Here’s a quick-list of 21 tips that will help you get going with your 21K run.
1. Be consistent. Physiology rewards consistency. You’re better off doing four days a week every week than seven days one week, and none the next. Try to plan your run at the same time of day as the start of your marathon.
2. Rest strategically. Training alone doesn’t make you fitter or faster. Resting after training does. So plan rest – after hard days, take an easy day. Take one day a week off completely. Plan a rest week once a month, where you still train, but very lightly.
3. Easy means easy. The most common mistake runners make is to do their easy runs too fast. The result is that every day is just slightly too hard, and you’ll have nothing left for when it really counts. If it’s an easy day, go very easy.
4. Everyone needs speed. Regardless of what your target is, doing some speed work will help – it’s all relative. So plan slightly faster running, in the form of interval sessions such as 8 x 2 min fast, 3 min jog, once a week.
5. Test yourself infrequently. It’s tempting to run against the clock and constantly try to improve your best, but this leads to over-training and injury. Don’t test yourself more than once every two weeks.
6. Listen to your body. Regardless of your plan, your body may have other ideas. If you feel flat and heavy, and the programme calls for a long run, listen to your body and give it the rest it is asking for.
7. Don’t go it alone. There are going to be days where you’ll have less motivation than others. Nothing helps like being accountable, and helping someone else through tough days. They’ll repay the favour for you at some stage.
8. Get strong. Weight training has its place, because strength means reduced injury risk. This is particularly true for the core muscles, so look into Pilates or core strength work at least once a week.
9. Look out for over-training. Symptoms included persistent illness, poor quality of sleep, failure to recover after training and progressively worse performances. If that happens, back off for a week and then resume again gradually.
10. Learn about pacing. Don’t be a “dumb” runner – learn how it feels to run at different paces, and know and understand these paces. When you run in a race, or in training, your ability to manage pace is crucial, so practice this consciously.
11. Go for comfort. When choosing shoes and clothing, comfort is the best guide. Don’t be overwhelmed by the vast amounts of information available, rather judge what is comfortable and what works for you.
12. Ask around. As you explore options, seek advice from those in the know. Try liberally, but settle with conviction once you have found the right kit.
13. Run without a watch when you can. On those easy days when performance doesn’t matter, get back to basics and run without fear of targets, time and paces. Save that for when it matters and just run free.
14. Mix up the surfaces. Running is a highly repetitive activity – thousands of similar muscle contractions and landings. Mix it up, and give your body some variety by changing the surface. Run on grass, gravel, or trails when you can.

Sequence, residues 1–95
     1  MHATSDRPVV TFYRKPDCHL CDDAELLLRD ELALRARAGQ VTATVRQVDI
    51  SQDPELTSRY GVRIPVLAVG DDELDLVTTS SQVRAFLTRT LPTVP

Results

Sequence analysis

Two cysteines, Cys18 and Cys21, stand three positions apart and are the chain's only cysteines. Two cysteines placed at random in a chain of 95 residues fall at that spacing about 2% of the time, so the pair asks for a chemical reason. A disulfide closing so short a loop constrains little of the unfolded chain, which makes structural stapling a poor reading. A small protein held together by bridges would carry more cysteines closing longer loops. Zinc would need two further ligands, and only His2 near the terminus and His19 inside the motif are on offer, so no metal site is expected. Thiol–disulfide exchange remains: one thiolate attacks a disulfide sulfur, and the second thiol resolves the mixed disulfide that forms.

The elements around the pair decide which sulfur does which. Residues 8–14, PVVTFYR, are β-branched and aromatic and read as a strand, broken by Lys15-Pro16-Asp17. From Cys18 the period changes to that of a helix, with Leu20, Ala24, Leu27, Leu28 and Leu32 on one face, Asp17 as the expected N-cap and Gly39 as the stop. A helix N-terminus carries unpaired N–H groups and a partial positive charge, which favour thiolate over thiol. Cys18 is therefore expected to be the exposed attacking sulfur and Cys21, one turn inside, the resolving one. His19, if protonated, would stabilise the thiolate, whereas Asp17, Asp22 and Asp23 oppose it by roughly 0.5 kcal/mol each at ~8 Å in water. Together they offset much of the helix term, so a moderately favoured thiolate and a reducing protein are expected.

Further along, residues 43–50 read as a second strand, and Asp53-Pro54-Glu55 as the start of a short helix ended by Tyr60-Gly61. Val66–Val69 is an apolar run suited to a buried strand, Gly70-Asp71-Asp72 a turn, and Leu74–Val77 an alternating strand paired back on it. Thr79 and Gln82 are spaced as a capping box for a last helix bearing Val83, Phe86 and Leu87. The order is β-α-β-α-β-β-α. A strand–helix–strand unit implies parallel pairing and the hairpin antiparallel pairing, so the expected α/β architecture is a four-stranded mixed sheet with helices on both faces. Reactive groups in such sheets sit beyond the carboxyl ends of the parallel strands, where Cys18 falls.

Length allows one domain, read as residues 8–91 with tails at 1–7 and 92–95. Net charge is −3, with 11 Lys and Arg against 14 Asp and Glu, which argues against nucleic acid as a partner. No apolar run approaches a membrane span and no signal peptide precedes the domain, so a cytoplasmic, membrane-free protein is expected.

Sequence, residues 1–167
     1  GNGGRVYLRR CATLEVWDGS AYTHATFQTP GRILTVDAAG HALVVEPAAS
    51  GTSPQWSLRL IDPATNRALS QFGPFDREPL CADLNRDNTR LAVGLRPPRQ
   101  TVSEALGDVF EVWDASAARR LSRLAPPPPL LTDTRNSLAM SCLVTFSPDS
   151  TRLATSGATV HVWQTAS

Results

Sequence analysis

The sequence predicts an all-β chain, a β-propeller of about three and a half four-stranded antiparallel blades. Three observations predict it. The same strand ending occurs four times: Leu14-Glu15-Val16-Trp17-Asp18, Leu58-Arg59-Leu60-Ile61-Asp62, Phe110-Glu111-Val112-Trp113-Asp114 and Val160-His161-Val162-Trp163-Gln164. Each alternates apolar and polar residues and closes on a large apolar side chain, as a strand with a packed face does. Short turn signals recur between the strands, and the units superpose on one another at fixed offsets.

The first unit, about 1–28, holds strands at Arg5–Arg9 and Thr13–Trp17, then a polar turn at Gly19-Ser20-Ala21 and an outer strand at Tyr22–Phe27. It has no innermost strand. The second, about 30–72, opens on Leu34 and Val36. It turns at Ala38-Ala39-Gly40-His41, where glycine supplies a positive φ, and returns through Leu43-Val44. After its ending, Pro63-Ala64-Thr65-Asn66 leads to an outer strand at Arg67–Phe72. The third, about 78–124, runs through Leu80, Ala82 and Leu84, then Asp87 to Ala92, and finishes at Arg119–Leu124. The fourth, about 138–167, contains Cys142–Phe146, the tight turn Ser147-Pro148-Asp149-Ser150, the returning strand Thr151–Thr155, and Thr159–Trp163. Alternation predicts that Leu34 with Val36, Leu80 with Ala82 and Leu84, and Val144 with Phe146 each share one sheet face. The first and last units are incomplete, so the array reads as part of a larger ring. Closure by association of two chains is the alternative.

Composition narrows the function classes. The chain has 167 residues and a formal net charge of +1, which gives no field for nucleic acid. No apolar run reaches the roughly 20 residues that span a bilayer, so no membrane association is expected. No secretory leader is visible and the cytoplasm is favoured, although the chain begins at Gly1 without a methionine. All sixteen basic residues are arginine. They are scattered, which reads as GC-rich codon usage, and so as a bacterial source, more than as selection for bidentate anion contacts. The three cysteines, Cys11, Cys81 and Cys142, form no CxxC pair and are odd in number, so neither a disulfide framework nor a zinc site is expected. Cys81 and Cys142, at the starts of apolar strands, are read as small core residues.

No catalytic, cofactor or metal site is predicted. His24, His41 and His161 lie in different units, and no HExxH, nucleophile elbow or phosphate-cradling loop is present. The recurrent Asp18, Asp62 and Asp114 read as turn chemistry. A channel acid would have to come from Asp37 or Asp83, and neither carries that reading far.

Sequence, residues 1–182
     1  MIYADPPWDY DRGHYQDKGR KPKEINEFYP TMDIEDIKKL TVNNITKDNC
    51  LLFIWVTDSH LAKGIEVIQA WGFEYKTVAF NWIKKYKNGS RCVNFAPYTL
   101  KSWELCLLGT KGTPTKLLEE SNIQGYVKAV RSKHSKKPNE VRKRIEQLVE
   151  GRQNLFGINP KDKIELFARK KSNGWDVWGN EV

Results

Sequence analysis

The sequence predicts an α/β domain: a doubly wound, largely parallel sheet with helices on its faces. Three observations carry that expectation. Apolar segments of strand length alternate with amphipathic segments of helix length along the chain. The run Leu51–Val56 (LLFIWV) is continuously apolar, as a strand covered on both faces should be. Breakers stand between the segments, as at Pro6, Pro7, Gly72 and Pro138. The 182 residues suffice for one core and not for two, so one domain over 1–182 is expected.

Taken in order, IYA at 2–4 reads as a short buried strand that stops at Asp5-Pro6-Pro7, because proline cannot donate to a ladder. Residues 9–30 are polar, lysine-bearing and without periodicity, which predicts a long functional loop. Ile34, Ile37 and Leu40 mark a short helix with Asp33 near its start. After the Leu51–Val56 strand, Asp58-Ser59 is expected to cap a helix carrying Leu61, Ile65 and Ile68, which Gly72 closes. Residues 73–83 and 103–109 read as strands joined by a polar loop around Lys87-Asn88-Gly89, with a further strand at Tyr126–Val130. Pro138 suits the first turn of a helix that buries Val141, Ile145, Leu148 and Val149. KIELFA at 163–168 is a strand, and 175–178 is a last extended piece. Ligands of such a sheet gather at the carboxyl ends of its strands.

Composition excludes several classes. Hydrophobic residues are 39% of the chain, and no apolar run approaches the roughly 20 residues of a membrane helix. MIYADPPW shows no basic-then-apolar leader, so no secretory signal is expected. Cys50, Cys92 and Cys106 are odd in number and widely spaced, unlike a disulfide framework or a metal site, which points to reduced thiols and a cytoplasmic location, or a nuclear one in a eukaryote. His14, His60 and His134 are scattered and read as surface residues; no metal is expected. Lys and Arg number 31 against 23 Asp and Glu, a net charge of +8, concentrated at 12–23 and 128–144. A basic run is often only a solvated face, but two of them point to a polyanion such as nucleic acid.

15. Don’t be too proud to walk. A run can either be a solid hour of running, or you could run 20 minutes, repeated three times with a short 3 min walk in between. There’s little difference in those sessions, but you may enjoy it a lot more and feel a lot better for the walks. So if you feel the need, walk.
16. Relax. Relaxed running is efficient running, and it starts from the top down. Relax your face, neck and shoulders, think of them as the jockey to your legs, and be loose. Reduce the outside stresses in your life as much as possible the last week of the marathon.
17. Don’t stretch passively. Stretching is controversial, but we do know that passive stretching, like touching your toes, for example, does little that is good, and may even increase risk of injury. Rather stretch dynamically with active movements.
18. Walk before you run. Not literally, but it is important to start slow. The destination is 21km, not the starting point, so build up from a conservative base. Get the feel of the surrounding.
19. Set short, medium and long-term goals. The long term goal is 21km, but along the way, set targets – running 10km, achieving certain times, and then reaching the target. Focus on a runner who is 100m ahead of you, pass the runner, then move on to the next one.
20. Understand the impact on diet. The more you run the more energy your body needs. At the very least, you’ll need to eat more, but you may also need to eat different foods. It’s best to see a dietician to make sure you’re replacing what training takes out.
21. Be holistic. Running is one part of your life, it’s not the focal point. Stresses of work, relationship and life can get in the way, and sometimes running is an escape, while at other times it adds to the burden. Understand and accept the big picture, and recognize when you can and can’t devote your energy to running so that it doesn’t consume you.